The potential of Islamic finance to reduce the likelihood of financial crises is one of its distinctive features. The argument’s supporting evidence is based on the characteristics of Islamic financial activity. The equity style of finance, where profits and losses are shared, is more the focus of the Islamic Finance model.
Adult content, high-risk speculation-based gambling, and other “haram” activities are also prohibited. In Western banking, all of these industries are regarded as high-risk (though not prohibited).
Governments and the commercial sector, as well as stakeholders in the Islamic finance sector, showed greater interest in sustainability in 2021, with initiatives ranging from regulatory changes to the introduction of new ESG funds as we saw the rapid uptake of ESG and green Sukuk.
According to Refinitiv, ESG sukuk were issued globally in 2021 for a total of US$5.34 billion. This was greater than in any of the other years and accounts for 3.2% of all Sukuk issued globally in 2021. In a similar vein, more Islamic loans and syndications are being used for ESG or green initiatives.
Growing interest in the finance sector
According to research done by Maybank Islamic Berhad, the Islamic banking division of Maybank Group, and IslamicMarkets.com, up to 88% of Islamic finance professionals think that the wider Halal economy will need to address ESG and sustainability more seriously as a result of the growing focus on these issues in their industry.
According to the report, 25% of experts in Islamic finance claim that throughout the pandemic, cooperation between Islamic finance and Halal enterprises has increased. The COVID-19 epidemic, according to around 67% of Islamic finance experts surveyed, has sharpened the attention on ESG and sustainability in their organisations, which include asset managers, banks, insurance, fintechs, and consultancies.
The study also revealed that fintech and regtech are anticipated to significantly contribute to future sector growth, with regtech being a “possible game-changer” for the sector.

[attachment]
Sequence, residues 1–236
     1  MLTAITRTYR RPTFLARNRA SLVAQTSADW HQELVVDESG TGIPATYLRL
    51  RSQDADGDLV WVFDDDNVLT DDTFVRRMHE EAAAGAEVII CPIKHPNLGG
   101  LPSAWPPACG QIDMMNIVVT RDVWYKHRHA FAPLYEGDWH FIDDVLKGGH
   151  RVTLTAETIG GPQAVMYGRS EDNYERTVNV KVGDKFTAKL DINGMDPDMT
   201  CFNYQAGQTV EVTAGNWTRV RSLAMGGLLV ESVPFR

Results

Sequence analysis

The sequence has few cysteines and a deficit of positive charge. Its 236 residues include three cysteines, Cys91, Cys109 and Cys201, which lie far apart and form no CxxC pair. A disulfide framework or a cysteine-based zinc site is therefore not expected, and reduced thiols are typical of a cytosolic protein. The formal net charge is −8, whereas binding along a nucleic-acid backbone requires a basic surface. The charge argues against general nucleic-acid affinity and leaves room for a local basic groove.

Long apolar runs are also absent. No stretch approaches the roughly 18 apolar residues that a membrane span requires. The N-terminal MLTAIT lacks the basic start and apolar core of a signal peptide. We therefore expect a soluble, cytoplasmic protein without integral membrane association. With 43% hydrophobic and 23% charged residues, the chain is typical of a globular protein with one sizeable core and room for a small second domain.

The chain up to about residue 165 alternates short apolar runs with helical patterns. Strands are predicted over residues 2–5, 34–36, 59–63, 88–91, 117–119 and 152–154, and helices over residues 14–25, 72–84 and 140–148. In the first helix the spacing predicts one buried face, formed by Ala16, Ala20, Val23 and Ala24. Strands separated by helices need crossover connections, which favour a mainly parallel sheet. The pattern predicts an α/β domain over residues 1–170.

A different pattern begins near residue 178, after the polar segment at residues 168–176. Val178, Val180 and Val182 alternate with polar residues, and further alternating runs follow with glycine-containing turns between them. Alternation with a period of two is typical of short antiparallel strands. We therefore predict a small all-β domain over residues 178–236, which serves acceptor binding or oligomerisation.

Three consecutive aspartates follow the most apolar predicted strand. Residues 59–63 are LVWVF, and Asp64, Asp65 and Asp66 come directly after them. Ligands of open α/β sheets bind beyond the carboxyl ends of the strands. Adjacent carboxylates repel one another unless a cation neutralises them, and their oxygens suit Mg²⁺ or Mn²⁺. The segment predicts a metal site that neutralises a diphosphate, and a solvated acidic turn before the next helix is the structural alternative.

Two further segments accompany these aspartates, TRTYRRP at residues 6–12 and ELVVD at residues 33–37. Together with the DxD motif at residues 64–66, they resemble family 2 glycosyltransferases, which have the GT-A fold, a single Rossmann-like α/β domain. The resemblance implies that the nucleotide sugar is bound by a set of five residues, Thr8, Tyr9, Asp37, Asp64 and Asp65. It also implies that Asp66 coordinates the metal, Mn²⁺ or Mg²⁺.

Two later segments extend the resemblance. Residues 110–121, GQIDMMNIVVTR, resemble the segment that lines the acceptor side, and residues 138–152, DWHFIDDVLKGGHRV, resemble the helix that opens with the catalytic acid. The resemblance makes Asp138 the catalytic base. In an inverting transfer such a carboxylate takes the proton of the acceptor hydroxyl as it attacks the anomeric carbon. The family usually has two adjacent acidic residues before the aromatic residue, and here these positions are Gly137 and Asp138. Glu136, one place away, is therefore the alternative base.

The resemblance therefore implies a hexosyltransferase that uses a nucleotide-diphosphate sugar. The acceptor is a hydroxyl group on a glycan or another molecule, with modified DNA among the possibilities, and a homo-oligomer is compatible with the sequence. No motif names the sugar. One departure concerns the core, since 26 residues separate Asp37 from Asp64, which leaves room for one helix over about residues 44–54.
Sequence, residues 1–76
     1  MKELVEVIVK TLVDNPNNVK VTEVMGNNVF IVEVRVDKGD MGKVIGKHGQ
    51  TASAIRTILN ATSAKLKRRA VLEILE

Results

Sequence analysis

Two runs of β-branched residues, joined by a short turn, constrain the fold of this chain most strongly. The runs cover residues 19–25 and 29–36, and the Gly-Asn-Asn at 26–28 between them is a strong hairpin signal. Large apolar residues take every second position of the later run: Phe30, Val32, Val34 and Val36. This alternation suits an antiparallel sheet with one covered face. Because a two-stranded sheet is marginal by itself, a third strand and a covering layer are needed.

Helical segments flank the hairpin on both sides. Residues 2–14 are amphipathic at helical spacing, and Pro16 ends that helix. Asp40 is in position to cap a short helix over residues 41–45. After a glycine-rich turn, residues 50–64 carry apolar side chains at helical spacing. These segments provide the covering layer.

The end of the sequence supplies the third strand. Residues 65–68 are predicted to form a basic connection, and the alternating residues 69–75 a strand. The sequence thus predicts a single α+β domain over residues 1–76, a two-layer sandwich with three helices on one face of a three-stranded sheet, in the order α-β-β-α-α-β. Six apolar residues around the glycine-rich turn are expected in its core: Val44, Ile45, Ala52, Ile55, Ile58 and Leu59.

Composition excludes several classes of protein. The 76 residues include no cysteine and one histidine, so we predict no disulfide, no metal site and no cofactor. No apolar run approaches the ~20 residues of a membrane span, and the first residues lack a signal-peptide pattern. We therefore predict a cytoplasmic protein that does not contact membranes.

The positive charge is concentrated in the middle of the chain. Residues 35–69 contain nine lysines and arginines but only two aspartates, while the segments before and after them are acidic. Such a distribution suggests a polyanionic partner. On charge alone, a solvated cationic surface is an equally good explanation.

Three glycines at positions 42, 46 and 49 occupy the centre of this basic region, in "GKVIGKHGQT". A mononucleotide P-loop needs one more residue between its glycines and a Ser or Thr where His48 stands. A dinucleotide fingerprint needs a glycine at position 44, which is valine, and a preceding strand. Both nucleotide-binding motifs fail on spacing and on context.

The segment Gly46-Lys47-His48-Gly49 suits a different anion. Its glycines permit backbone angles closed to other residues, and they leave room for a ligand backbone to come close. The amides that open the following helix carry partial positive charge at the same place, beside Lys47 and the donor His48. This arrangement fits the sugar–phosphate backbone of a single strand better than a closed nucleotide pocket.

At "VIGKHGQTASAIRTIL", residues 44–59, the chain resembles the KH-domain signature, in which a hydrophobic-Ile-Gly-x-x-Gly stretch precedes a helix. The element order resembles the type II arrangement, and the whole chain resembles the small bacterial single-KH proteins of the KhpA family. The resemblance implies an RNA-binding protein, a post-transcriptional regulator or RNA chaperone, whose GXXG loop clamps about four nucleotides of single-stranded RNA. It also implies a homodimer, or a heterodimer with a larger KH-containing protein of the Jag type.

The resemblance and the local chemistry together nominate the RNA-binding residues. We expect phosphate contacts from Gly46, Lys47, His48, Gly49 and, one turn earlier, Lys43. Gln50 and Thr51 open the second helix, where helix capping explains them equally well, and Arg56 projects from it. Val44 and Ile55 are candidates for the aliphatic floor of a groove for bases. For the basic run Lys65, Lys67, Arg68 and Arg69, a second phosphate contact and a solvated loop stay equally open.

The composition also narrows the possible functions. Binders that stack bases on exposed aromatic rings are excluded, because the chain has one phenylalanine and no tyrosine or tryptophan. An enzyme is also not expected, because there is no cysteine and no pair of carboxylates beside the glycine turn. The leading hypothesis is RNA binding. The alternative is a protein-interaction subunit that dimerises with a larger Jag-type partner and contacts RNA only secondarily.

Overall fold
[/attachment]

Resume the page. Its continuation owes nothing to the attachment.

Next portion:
The Islamic Finance sector and the Halal economy are both firmly on a development path, and optimism about their prospects for this year remains high. What is more intriguing are the opportunities they will provide, the increased adoption of ESG and sustainability, and their effects on future growth.
Part of the greater ‘green economy’
One of the major developments in finance over the past several years has been the rise of social consciousness. The sector is being rapidly disrupted by technology, which is another development. Companies are making attempts to accommodate and adapt as they become more conscious of the changing environment of customer behaviour. And rightfully so, given the important role that financial institutions play in both our daily lives and the development of a thriving economy.
This trend is aligned with what can be described as greening of economies, with Islamic Finance and the concept of ESG being prime prospects to lead the way for more sustainable economic activities.
The UNEP’s Green Economy Report reveals that “The greening of economies is not generally a drag on growth but rather a new engine of growth; that it is a net generator of good jobs; and that it is also a critical approach for the elimination of persistent poverty.” The green economy is a way of doing business that supports both sustainability goals and economic growth.
Financial institutions must walk the talk and make progress toward a more sustainable and environmentally friendly economy. ESG and sustainable financing should not be used as a marketing tool for businesses, but as a motivator for them to take responsibility. We can anticipate exciting new changes given the fast-paced development of Fintech businesses, their lower overhead costs, and increased accessibility.